Strathallan Brick and Tile Work, Auchterarder, Fife aka Wallfauld Brick and Tile Works.
05/10/1853 – North British Agriculturist – Tilework at Strathallan to let. The tilework at Strathallan, 3 miles from Auchterardin and 1 from the Bridge of Kinkill, with the use of clay fields, sheds, buildings, will be let for such a number of years as may be agreed on. The conditions of the lease will be seen on application to Laurence Brown at Castle Strathallan by Auchterardin and offers will be received by the Viscount Strathallan until 15th Oct next. Castle Strathallan 23rd Sept 1853.
23/07/1857 – Serious accident – a young lad of the name of Reid, son to Captain Hunter’s coachman, was employed at the Strathallan Brick and Tile Works, on Saturday last, got all the fingers of both hands taken off by an engine. He was instantly sent to the Perth Infirmary. It was thought that both hands would require to be amputated, which will put the individual in a most helpless condition for the remainder of his life.
Below – 1863 – Strathallan Brick, Tile and Pottery Works.
18/07/1867 – Perthshire advertiser – Arable farms and tileworks on the Estate of Strathallan to be let for 15 years … The Strathallan Tileworks, houses and grounds and along therewith the adjoining farm of Calfward and Pendicle … The tileworks are within a convenient distance of the Auchterarder and Tullibardine Stations. The whole are close to good public roads leading to the Stations and neighbouring market towns of Auchterarder and Crieff. Where steadings are deficient they will be repaired and made otherwise suitable. The clay of the tile works is well known for its superior quality and adaptability to every article in the line from best building bricks, roofing tiles and drainage and sewage pipes up to the finest designs for house, garden and other ornamental purposes. Mr Hume or Mr Thomson at Strathallan Castle will show sketch plans and general conditions and give orders for pointing out the respective possessions … Note present tenants are not offerers.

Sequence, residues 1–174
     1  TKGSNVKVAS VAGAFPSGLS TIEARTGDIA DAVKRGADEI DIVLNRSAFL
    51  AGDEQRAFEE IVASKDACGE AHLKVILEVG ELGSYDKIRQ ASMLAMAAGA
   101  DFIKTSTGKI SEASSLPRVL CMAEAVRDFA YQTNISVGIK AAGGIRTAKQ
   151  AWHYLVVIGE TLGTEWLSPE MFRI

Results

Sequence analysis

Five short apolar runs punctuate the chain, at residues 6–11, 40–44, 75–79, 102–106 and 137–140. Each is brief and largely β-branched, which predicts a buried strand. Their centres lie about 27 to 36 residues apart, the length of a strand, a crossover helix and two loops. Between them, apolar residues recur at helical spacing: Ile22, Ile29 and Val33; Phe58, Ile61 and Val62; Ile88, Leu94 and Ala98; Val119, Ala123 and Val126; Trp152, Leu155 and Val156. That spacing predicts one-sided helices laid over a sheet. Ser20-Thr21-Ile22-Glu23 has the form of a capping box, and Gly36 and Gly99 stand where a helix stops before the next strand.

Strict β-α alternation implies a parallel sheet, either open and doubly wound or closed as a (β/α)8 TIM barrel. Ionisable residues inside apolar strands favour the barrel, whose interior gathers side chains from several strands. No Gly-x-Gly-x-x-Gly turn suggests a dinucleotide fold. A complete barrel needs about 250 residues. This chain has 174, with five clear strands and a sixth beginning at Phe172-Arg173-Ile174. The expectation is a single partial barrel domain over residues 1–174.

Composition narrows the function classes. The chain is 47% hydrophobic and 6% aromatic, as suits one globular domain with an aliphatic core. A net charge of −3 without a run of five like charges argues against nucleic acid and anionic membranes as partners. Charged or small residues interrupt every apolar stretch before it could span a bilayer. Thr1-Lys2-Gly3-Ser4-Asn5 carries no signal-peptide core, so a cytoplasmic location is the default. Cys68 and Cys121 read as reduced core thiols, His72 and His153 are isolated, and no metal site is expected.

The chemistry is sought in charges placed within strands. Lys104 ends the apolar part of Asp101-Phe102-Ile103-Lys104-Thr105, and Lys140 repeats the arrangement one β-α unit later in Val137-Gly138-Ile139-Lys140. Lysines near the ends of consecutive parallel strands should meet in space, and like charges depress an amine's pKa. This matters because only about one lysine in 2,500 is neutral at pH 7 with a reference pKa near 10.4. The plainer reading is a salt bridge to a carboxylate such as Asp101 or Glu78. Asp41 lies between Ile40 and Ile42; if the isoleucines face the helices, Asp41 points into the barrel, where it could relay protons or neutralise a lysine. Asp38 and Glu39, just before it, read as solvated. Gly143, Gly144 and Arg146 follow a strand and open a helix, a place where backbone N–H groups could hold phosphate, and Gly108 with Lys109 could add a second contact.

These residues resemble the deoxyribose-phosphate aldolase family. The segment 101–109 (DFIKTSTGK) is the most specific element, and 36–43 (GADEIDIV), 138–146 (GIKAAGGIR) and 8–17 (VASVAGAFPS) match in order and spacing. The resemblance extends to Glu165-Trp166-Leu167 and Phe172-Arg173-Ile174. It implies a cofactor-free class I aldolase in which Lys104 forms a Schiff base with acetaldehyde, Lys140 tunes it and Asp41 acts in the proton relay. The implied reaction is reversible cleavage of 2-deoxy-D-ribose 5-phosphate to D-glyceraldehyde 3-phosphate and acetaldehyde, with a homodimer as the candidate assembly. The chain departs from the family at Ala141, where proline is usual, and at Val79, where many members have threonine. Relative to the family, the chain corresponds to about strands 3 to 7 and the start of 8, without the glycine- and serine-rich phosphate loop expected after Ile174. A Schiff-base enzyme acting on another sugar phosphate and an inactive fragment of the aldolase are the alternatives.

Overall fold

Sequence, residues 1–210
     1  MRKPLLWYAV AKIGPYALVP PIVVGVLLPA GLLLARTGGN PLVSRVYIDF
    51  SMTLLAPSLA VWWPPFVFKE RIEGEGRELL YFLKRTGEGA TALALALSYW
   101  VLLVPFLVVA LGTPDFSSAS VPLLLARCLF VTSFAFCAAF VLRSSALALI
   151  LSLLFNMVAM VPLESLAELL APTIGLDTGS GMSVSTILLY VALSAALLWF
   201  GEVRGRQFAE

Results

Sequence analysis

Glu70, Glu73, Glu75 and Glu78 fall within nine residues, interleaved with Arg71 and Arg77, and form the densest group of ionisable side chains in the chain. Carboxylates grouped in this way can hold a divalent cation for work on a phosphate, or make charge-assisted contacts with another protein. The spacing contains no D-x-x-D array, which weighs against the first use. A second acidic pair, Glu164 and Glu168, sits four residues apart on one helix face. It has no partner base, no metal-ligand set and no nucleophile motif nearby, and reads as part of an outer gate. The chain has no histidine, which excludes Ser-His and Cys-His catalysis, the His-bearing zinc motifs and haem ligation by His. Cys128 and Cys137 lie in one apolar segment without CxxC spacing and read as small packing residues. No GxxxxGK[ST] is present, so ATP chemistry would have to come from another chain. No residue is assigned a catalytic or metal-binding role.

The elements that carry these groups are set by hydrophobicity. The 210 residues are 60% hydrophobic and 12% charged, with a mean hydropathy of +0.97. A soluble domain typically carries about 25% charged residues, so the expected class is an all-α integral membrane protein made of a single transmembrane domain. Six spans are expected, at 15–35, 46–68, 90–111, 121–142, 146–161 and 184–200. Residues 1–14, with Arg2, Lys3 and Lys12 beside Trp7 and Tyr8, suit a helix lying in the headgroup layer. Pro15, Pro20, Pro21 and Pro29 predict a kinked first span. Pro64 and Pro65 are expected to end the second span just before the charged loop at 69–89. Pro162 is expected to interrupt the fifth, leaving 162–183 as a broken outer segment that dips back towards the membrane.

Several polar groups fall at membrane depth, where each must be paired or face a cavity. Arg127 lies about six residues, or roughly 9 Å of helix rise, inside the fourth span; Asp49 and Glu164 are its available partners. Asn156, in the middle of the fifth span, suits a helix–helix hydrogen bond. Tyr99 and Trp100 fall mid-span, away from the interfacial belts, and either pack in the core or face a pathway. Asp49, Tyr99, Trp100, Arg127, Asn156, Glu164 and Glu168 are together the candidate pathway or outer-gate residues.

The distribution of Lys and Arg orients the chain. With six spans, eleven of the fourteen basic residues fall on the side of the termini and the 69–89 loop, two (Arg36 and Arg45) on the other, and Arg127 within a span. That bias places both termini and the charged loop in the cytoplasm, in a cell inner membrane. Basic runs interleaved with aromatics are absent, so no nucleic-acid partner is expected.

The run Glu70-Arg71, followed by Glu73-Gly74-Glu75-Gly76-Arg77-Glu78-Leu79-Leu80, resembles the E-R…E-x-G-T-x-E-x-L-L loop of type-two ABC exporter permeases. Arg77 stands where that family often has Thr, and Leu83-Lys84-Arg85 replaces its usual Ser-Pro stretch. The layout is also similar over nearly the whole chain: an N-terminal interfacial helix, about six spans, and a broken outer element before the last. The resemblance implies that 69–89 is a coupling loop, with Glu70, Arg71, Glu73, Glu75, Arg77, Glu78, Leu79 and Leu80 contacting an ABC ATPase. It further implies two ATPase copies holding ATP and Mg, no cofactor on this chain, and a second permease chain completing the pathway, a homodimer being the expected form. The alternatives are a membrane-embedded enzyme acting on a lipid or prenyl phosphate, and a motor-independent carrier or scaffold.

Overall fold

1878 – William Johnstone, brick and tile maker, Trinity Gask, Auchterarder.
1886 – William Johnston, brick and tile maker, Trinity, Auchterarder.
Below- 1899 – Strathallan Brick and Tile Works are marked as disused. ( Note – SBH – The 1912 entry suggests the works may have been resurrected or did they move to a site nearby?).
1912 – 1913 – William Johnston, brick and tile maker, Kinkell, Auchterarder.
12/11/1946 – Dundee Courier – Provost and Laird made test bricks – One summer day nearly 50 years ago Mr David Johnstone closed down his brickworks at Wallfauld, Auchterarder. Agriculture was going through a bad period, there wasn’t the same demand for the smooth red draining tile and pipes that were the main product of his family business. It was before the days of the big-scale road transport, and near Kinkell Bridge one was far from the railway and its possibilities. The years passed. Grass and weeds overgrew the old brickworks. Another of Perthshire’s rural industries was dead.
WEALTH IN THE COUNTY.